• In the back is a glimpse of new construction from the eighties in modern style. The Palmgracht canal has been filled in the late nineteenth century.
  • You will pass the beginning of the Willemstraat. This street is the former canal ‘Goudsbloemsgracht’, the first canal that was filled to make a road. The buildings were demolished and replaced by philanthropic new buildings between 1860-1880, without the municipality being involved. Private organizations from the Amsterdam elite tried to elevate the Jordaan residents out of poverty and poor living conditions. The Willemstraat was an example of the fondness the people of the Jordaan had for the Orange prince (then William III). He always passed the neighbourhood when he was in the city.
  • Café Het Papeneiland is located on the corner of Brouwers- en Prinsengracht. One of the few examples of original 17th century buildings (although restored).
  • You are now almost on the Noordermarkt. Go to the church entrance and take a look at the statue “Unity the strongest chain”, to commemorate the Jordanian Riot of 1934. This was an example of Jordanian emotion that was not orange-minded. It was a popular uproar because of a reduction in the unemployment benefit. The government of Hendrikus Colijn wanted to show the people that he had no mercy. There were 5 deaths.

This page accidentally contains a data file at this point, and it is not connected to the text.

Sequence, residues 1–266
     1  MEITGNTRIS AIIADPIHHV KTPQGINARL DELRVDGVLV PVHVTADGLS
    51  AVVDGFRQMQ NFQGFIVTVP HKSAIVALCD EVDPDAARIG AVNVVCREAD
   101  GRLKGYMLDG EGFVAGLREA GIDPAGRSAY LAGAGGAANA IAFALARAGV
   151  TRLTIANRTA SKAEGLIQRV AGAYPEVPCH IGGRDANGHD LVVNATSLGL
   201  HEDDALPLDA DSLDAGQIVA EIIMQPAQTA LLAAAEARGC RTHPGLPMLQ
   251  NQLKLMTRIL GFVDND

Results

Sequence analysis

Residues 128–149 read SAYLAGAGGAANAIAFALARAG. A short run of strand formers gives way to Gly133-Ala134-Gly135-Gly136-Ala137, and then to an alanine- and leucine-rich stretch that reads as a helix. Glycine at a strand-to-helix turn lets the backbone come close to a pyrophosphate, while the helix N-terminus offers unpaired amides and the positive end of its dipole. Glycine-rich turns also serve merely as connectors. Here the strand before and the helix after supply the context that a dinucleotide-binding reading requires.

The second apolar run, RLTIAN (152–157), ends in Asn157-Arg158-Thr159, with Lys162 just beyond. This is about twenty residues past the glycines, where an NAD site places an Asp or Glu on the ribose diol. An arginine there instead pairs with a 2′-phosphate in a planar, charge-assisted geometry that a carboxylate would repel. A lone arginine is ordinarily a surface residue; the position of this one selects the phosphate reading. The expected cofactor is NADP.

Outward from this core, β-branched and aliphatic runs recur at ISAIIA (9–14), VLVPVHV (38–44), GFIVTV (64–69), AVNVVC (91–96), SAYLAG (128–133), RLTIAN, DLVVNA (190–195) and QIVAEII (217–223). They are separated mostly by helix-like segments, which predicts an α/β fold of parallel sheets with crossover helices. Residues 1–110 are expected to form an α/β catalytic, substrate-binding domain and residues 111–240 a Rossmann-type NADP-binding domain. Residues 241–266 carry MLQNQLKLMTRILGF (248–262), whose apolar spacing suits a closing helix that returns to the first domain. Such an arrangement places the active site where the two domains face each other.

• In 1941, the February strike began here, when resistance to deployment of workers to Germany was strengthened by outrage at the first violent raids in houses of Jewish Amsterdammers at Jonas Daniel Meijerplein.